BYU Marriage and Family Therapy professor Jonathan Sandberg’s thought-provoking Cutler Lecture can be encapsulated in a simple scene from Winnie the Pooh:
Piglet sidled up to Pooh from behind. “Pooh!” he whispered. “Yes, Piglet?” “Nothing,” said Piglet, taking Pooh’s paw. “I just wanted to be sure of you.”
The need to feel connected and loved is a universal need.
Safe and secure relationships form when individuals in the relationship are responsive to and accessible by the other individual. The isolation created by taking away this accessibility and responsiveness is traumatizing.
In a disconnected world, it is vital that we form and foster relationships where we truly see people and their needs and truly love them. Feeling loved and recognized gives us a secure base from which we can launch and explore other aspects of life.
Be vulnerable and seek out deep, meaningful and loving connections and relationships. Repair conflict in your relationships. Be hopeful in developing secure attachments and relationships with others–even if you have not experienced those relationships in the past. And find ways to be emotionally accessible, responsive and engaged with others on a daily basis.
People are in need of love and security and we are the ones who can help them.
For the full 2018 Cutler Lecture, watch the video below.
“They say a person needs just three things to be truly happy in this world: someone to love, something to do, and something to hope for,” said Tom Bodett, an American author, voice actor, and radio host. In a forthcoming study, School of Family Life professor Alan Hawkins demonstrates that love and hope are inexorably connected. The study focused on how hope plays an integral role in the ability of couples to fix their relationships.
“Relationship hope is what it sounds like: hope for the future of the relationship,” says Dr. Hawkins, “hope that you have the knowledge and skills to make the relationship strong in the future, even if you are experiencing challenging problems now.” One-hundred eight-two married and unmarried, low-income couples took part in Family Expectations, a psycho-educational intervention in Oklahoma City that lasted 30 hours. They completed a pretest and an exit interview; the researchers used these assessments to study how relationship hope had affected what they got out of their sessions and whether hope increased as a result of their participation.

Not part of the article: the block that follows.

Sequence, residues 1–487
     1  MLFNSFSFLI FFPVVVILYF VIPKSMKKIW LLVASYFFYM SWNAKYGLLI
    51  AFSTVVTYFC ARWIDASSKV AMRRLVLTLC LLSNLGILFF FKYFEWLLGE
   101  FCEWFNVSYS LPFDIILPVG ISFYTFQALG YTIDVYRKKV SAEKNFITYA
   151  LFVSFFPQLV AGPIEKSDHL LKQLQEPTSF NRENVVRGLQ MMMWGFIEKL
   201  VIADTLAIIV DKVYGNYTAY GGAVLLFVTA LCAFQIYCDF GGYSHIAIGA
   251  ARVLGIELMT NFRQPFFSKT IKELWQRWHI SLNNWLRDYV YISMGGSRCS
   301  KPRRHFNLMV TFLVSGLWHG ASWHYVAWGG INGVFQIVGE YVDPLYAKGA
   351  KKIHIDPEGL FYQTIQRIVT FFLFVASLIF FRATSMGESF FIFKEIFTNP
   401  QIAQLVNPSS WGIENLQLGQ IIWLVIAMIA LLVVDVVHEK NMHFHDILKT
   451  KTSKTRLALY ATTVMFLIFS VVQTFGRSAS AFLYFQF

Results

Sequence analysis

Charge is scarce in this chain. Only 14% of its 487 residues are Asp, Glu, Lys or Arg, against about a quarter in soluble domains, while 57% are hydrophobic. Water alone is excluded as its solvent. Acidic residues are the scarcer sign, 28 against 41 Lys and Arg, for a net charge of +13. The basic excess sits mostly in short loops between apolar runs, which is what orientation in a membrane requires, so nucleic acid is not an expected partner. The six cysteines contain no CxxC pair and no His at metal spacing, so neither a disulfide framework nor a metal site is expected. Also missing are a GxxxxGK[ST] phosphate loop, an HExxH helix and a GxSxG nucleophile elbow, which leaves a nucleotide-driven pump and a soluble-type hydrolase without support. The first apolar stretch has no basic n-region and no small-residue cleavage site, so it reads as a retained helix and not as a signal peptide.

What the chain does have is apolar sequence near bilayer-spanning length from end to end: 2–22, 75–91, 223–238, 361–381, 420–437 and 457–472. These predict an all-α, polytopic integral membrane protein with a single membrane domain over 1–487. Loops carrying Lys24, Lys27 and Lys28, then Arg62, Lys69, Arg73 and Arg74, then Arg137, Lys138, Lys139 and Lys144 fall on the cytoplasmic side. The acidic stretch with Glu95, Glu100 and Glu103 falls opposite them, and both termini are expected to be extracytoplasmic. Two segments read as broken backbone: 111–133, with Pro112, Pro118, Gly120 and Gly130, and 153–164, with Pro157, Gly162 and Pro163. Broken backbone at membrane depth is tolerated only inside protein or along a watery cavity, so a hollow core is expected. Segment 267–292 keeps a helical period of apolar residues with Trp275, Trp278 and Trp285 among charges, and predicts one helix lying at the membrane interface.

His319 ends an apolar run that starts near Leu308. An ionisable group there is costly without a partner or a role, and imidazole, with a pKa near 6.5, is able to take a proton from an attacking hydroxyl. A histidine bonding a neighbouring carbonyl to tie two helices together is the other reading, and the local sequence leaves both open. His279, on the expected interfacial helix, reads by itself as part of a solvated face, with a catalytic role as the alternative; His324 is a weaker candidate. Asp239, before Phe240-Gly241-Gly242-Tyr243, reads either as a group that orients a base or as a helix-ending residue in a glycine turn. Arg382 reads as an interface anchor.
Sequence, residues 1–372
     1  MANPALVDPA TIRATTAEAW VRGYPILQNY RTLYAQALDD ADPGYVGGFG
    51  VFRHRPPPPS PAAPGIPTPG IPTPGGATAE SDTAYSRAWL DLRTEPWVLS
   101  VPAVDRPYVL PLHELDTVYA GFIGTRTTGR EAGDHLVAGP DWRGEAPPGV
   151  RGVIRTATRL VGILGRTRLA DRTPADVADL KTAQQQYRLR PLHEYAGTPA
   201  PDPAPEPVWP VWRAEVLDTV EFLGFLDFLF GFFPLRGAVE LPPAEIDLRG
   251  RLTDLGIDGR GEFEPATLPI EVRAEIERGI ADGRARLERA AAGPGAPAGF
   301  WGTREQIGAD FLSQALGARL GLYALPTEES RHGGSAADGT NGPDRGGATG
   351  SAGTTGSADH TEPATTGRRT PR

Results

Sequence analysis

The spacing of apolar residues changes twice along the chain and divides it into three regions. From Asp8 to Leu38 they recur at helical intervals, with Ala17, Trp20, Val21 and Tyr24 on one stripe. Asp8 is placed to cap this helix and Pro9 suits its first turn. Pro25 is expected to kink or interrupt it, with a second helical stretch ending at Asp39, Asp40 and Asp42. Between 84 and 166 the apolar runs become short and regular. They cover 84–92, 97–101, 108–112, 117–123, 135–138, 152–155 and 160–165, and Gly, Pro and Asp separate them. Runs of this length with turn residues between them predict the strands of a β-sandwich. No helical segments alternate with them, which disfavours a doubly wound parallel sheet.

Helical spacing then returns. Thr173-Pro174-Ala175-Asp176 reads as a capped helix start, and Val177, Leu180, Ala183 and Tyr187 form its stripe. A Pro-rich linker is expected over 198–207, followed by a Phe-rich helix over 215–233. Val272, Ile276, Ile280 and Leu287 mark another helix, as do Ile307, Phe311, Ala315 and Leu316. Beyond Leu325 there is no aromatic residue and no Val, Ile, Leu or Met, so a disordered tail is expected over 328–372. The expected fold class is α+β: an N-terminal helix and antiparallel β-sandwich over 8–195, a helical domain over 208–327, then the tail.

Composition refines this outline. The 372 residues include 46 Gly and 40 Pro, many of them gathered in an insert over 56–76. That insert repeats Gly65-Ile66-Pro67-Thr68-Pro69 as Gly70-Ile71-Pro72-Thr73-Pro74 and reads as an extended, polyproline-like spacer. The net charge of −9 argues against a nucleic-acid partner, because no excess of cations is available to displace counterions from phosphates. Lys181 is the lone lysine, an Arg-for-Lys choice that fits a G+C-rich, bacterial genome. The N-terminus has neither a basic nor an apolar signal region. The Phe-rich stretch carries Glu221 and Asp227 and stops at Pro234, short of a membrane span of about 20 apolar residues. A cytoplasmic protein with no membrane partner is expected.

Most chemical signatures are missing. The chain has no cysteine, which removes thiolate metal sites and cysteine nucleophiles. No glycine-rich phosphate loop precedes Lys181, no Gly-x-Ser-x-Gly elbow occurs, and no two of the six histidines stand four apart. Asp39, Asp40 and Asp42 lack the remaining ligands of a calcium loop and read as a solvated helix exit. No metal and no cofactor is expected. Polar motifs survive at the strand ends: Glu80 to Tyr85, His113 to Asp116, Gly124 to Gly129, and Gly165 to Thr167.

Dr. Hawkins found that those with the lowest amount of hope at their pretest were the ones who benefited the most from the intervention. “Those who are lowest have the most room to grow,” he said. “But also, these are the ones who possibly come to these programs with the most ‘pain’ and the most motivation to change. They sense that without help and change their relationship will fall apart.” Interestingly, he found that women’s relationship hope increased the most when their partner exhibited growth in positive relationship skills. “Previous research has shown that women are more sensitive to the overall quality of the relationship and monitor the ‘health’ of the relationship more than men. I think they are more attuned to changes in their partners than are men. And when they see positive change, it really means a lot to them. Women are just more relationship-oriented.”
What was the impetus behind the study? Dr. Hawkins serves as a member of the Research Advisory Group for Project Relate, an Oklahoma-based organization supporting relationship education services in the U.S. It is one of two state-government-supported organizations providing relationship education services. “I was excited to evaluate their flagship program, ‘Family Expectations,’ said Hawkins. “[It] serves hundreds of low-income married and unmarried couples every year. Moreover, I wanted to test explicitly the role of relationship hope in relationship education.”
What are the implications of these findings? Hawkins believes that a possible implication is that, if counseling program developers ensure that their processes are aligned well with men’s interests and learning styles, they will be more successful. As to where his research will go next, he says: “I hope to spur more researchers in the relationship education field to focus on…relationship hope. Also, I think the construct of relationship hope in a particular relationship is important, but I think it is also important for youth/young adults to have a general hope that they can achieve a healthy, stable relationship and marriage. So I may play with broadening the concept to general relationship hope (not hope about a specific relationship).”
“Hope is the thing with feathers that perches in the soul, and sings the tune without the words, and never stops at all,” wrote the poet Emily Dickinson. In a relationship, such hope is crucial. Through his research, Dr. Hawkins expertly reinforced this truth.